Andrew Steele envisions a future where people no longer become elderly — staying fit and disease-free for longer.
Society should “unashamedly aim to cure aging” with treatments that could slow down the accumulation of mutations in our DNA or problems that happen with our mitochondria, the London-based scientist writes in his new book “Ageless: The New Science of Getting Older Without Getting Old.”
Until then, people have more control over their aging process than they realize, he said.
“It has made me a lot more aware and a lot more eager to do something about it,” Steele, 35, told TODAY.
“All these sort of ‘boring’ everyday health interventions like exercise, like not smoking, like eating a good diet, they literally slow down the aging process and different diseases, and that's just so compelling… you're doing all of your body a huge service by doing this.”
Knowing what Steele knows, here are the habits he’s adopted in his own life:
Exercise — not too little and not too much
Steele tries to run and cycle for an average of 30 minutes a day. He’s also added strength training to his routine after researching how important it is to keep muscles active. But while cardio and weight lifting are both key, he cautioned against over-training.
“The evidence for incredible levels of exercise is quite weak. In fact, if anything it might slightly reduce your lifespan,” he said. “There certainly seems to be a plateau in terms of benefits around 30 minutes a day on average.”
It’s also important to simply avoid being sedentary. If you’re spending all day sitting, keep your muscles a little bit more active by moving for five minutes every hour or two. “If you literally don't do any exercise at all, even going for a 10-minute walk every day is going to dramatically improve your health,” Steele said.
Eat a varied diet with lots of plants
There's no food or food group that Steele avoids eating. He tries to focus on moderation and variety, but has been aiming to eat less meat, particularly red meat.
“Just generally, it looks as though eating a plant-based diet is likely to be healthier, likely to make you live a bit longer, so that's something I've tried to do,” he noted.
Vegetables are usually lower in calories than other foods and can be better for the gut microbiome, which has an influence on the aging process. Pulses and nuts are good sources of plant protein in particular, so Steele has incorporated more of them into this diet.
Consider intermittent fasting, but don’t bet on it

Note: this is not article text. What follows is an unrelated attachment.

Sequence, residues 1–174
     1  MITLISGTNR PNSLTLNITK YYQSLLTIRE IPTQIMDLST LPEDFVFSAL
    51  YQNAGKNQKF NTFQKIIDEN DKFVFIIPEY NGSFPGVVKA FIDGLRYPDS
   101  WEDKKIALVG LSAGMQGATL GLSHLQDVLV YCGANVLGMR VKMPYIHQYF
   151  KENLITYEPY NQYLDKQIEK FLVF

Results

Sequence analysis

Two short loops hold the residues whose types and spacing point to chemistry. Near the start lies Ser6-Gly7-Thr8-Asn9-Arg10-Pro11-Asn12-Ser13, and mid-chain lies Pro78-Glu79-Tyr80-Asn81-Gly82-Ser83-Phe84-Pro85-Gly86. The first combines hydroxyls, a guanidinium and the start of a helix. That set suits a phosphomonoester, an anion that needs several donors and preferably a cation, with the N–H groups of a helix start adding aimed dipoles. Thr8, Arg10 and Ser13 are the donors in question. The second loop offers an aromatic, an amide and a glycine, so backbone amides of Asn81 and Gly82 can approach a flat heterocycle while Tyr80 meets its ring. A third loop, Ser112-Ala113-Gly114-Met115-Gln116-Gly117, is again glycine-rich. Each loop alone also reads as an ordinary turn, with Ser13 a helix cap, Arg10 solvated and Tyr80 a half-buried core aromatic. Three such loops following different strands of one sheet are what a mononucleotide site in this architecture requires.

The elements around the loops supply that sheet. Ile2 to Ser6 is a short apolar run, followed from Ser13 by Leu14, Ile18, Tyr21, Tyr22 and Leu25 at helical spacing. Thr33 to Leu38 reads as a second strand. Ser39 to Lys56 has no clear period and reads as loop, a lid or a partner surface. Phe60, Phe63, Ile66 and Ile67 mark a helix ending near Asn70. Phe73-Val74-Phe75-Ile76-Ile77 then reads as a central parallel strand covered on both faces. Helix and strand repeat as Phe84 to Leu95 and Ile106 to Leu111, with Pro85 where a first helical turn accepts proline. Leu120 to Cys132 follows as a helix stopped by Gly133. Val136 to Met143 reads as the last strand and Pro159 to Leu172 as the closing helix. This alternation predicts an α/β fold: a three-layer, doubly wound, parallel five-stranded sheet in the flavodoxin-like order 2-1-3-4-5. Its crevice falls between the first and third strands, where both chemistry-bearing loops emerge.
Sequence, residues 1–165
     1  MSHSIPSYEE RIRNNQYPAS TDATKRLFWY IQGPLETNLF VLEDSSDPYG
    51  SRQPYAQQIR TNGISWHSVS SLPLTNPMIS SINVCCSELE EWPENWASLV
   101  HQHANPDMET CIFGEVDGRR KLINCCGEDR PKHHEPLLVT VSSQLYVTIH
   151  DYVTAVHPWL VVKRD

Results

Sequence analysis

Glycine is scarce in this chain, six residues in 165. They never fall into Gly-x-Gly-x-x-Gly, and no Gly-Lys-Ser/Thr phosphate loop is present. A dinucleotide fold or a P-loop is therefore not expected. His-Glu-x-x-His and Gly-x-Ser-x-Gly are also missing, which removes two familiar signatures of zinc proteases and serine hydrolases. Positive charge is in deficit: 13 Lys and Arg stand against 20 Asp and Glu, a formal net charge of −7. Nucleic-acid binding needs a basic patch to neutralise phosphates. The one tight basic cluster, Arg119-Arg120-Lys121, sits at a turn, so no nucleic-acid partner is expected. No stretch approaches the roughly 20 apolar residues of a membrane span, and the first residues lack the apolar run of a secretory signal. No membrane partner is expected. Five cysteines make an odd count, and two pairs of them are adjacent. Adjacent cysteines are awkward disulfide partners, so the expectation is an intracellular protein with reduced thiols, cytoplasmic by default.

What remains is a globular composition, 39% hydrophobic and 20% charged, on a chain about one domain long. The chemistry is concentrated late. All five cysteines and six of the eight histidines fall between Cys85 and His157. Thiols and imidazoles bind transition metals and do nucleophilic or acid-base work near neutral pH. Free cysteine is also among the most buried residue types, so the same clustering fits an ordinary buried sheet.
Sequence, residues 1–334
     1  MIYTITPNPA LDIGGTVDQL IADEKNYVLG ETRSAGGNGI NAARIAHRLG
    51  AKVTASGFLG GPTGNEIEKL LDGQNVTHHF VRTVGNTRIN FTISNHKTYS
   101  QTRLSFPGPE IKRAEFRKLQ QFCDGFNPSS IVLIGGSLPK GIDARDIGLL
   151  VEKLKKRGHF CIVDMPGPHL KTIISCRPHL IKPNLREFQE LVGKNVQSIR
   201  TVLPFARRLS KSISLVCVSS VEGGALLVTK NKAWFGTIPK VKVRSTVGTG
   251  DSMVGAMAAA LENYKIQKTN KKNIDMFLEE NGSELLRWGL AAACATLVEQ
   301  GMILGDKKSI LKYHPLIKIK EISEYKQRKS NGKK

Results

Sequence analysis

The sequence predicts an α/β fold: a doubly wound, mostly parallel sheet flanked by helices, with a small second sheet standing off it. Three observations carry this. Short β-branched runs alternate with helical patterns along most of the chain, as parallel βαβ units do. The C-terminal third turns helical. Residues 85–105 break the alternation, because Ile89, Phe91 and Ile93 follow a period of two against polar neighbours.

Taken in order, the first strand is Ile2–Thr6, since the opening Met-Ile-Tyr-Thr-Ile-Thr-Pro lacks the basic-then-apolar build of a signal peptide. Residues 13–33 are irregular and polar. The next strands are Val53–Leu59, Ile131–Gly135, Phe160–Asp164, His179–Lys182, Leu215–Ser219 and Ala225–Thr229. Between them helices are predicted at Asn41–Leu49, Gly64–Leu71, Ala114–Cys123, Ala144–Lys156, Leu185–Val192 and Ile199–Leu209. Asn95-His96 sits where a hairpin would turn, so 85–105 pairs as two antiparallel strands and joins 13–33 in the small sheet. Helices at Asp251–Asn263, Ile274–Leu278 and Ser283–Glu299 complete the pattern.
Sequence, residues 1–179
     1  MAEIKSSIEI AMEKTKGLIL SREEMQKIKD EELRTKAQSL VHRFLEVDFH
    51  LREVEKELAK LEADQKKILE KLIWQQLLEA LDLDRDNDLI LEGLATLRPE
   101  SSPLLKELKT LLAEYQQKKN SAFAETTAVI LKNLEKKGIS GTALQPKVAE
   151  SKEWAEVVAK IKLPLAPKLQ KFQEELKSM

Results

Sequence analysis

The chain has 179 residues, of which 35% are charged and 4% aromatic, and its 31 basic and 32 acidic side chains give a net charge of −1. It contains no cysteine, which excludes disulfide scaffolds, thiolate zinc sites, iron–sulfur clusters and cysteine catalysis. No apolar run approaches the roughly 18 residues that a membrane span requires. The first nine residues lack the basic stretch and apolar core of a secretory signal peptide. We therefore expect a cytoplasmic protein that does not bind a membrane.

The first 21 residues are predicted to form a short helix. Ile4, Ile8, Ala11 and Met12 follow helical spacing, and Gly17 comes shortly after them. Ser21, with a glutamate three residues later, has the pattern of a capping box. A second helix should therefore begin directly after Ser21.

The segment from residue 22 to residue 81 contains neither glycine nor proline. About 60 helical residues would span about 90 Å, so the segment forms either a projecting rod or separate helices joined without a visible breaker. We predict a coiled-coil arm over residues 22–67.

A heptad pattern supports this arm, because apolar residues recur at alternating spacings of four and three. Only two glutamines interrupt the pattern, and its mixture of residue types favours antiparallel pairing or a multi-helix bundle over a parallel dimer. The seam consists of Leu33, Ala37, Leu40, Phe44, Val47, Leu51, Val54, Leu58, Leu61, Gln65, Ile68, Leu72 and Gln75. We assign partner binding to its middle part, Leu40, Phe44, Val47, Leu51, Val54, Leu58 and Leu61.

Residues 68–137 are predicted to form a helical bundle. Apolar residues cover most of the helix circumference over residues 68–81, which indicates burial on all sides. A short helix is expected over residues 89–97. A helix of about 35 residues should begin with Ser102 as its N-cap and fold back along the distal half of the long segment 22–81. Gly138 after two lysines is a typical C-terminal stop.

Dietary restriction, or significantly reducing the number of daily calories consumed without causing malnutrition, can extend the lifespan of various organisms.
But there aren't any long-term studies in humans, so researchers can’t say for certain, “OK, if you calorie restrict your whole life, you're going to live five years longer,” Steele noted. They simply don’t know yet.
Still, fasting has emerged as a health trend and weight-loss technique.
Steele has “flirted” with intermittent fasting by following a 16:8 plan of eating only during an eight-hour window. He found it easy to follow, but was discouraged by a study published last year that found the plan wasn’t effective for weight loss and didn’t improve metabolic health markers.
“It's not to say that that writes off the whole idea of time restricted feeding or other kinds of fasting or reducing your calorie intake, but it just said to me, this stuff is so complicated,” Steele said. He found the notion of alternate-day fasting particularly hard.
“I'm just a really grouchy person when I don’t eat and I have tried a few times not eating for a whole day, and it's fine for a few hours, but you start going crazy with the hunger.”
He’s decided to not cut back radically from what he normally eats.
Skip the supplements
“We've actually got huge amounts of trial evidence to suggest that there's no point” in taking supplements, Steele said. “Vitamin supplements either had no effect on lifespan or actually slightly shortened it.”
Unless your doctor advises otherwise, eating a balanced diet and getting a bit of sunshine provides all the vitamins you need, he noted. The only supplement Steele is taking at the moment is vitamin D and only because some studies suggest it may prevent severe COVID-19 if a person is infected with the coronavirus.
“Actually, bizarrely, I don't think it's going to work,” Steele said. “I'm happy to take it on the off chance just in case it works. I don't think it's doing any harm.”
Monitor your blood pressure and resting heart rate
You’ll get a significant insight into the state of your heart health and overall health, Steele writes in his book. Home blood pressure readings are particularly valuable because they provide a result that may be more accurate than the sometimes-higher reading in a doctor’s office, also known as white coat hypertension.
Sleep — not too little and not too much
Steele aims to get seven or eight hours of sleep per night, which seems to be the “sweet spot.”
“Getting a good night's sleep does seem to be very good for your health,” he said.
“What's really interesting about the sleep research is it's not only getting too little sleep that seems to be bad for you, but also getting too much.”
Take care of your teeth
Good oral hygiene can impact a person’s lifespan and even the risk of dementia, Steele writes in his book.
A recent study found a relationship between periodontal disease and biomarkers for Alzheimer’s disease. Previous research found people who brushed their teeth twice a day were at lower risk of heart attack than those who brushed once.
The link may be chronic inflammation that starts with bacteria in your mouth, Steele noted, so it's important to pay attention to your teeth and gums.